No Coverage for Related Claims Where Insured Received Third-Party Indemnification

The United States District Court for the Southern District of Texas, applying Texas law, has held that an insurance broker is not entitled to coverage under its E&O policy because its former corporate parent already indemnified it for the settlement at issue. Southwest Risk LP v. Ironshore Specialty Ins. Co., 2016 WL 2898040 (S.D. Tex. May 18, 2016).

The insured, a property and casualty insurance broker, was sued by multiple parties alleging the broker’s failure to place sufficient insurance before an impending hurricane. The insured sought coverage under its professional liability policy. The insurer denied coverage on the basis that the claims were not “first made” during the policy period because the insured received the first demand letter and lawsuit before the policy period and the lawsuits all alleged related wrongful acts. The insurer also argued that it had no obligation to cover one of the settlements because the broker’s former corporate parent had agreed to indemnify the broker and already paid the settlement.

The court granted summary judgment for the insurer. The insured, while not disputing that the lawsuits all involved related allegations, argued that the original demand letter and petition received before the policy period were not “claims” under the policy and therefore the subsequent lawsuits could not be related back. Under the policy, “claim” was defined as “any written demand received by the insured for damages or for non-monetary relief based on any actual or alleged wrongful act.” The court rejected the broker’s argument that the original demand letter and petition were not claims because they did not clearly allege broker liability.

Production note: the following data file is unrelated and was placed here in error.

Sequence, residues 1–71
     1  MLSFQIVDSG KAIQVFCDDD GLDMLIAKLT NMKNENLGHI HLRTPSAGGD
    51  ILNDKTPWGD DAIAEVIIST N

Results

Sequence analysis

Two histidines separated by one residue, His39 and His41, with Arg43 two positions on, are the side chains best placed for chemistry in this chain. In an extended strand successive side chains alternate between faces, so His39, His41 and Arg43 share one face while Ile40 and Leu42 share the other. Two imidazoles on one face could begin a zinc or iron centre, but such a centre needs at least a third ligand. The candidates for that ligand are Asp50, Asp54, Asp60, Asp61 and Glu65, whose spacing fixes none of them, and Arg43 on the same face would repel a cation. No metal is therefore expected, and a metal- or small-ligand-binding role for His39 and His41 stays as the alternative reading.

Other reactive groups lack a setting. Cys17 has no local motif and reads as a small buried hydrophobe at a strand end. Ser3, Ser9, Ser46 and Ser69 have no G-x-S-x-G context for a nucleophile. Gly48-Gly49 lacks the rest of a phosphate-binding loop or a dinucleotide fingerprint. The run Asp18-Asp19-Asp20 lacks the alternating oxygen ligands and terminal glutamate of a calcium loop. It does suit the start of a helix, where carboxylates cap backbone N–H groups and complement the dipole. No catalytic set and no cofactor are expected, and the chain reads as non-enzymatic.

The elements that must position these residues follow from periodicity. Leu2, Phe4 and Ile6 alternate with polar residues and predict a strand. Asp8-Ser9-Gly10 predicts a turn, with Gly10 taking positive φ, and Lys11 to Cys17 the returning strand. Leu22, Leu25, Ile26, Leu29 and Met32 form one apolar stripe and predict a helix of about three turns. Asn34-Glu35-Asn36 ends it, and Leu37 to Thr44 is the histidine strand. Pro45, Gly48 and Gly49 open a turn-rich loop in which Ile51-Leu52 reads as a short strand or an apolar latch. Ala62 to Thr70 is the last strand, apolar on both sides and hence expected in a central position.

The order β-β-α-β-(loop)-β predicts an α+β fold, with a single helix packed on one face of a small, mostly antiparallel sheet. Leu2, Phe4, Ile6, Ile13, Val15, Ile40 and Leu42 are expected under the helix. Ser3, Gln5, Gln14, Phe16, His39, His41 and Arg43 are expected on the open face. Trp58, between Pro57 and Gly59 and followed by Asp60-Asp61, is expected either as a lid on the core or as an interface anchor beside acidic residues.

The court held that, because the letter and petition sought damages from the insured broker, they were written claims for damages against the broker within the meaning of the policy. In addition, the court held that the broker was not entitled to coverage for a settlement of one of the lawsuits in any event. The broker’s former corporate parent had agreed to indemnify the broker for certain liabilities in connection with the sale of the broker to another entity. Pursuant to that indemnity agreement, the former parent paid the settlement. The court held that, under Texas law, the broker and its present owner were not entitled to insurance coverage because they had suffered no pecuniary loss and were not entitled to a double recovery.

Wiley Executive Summary

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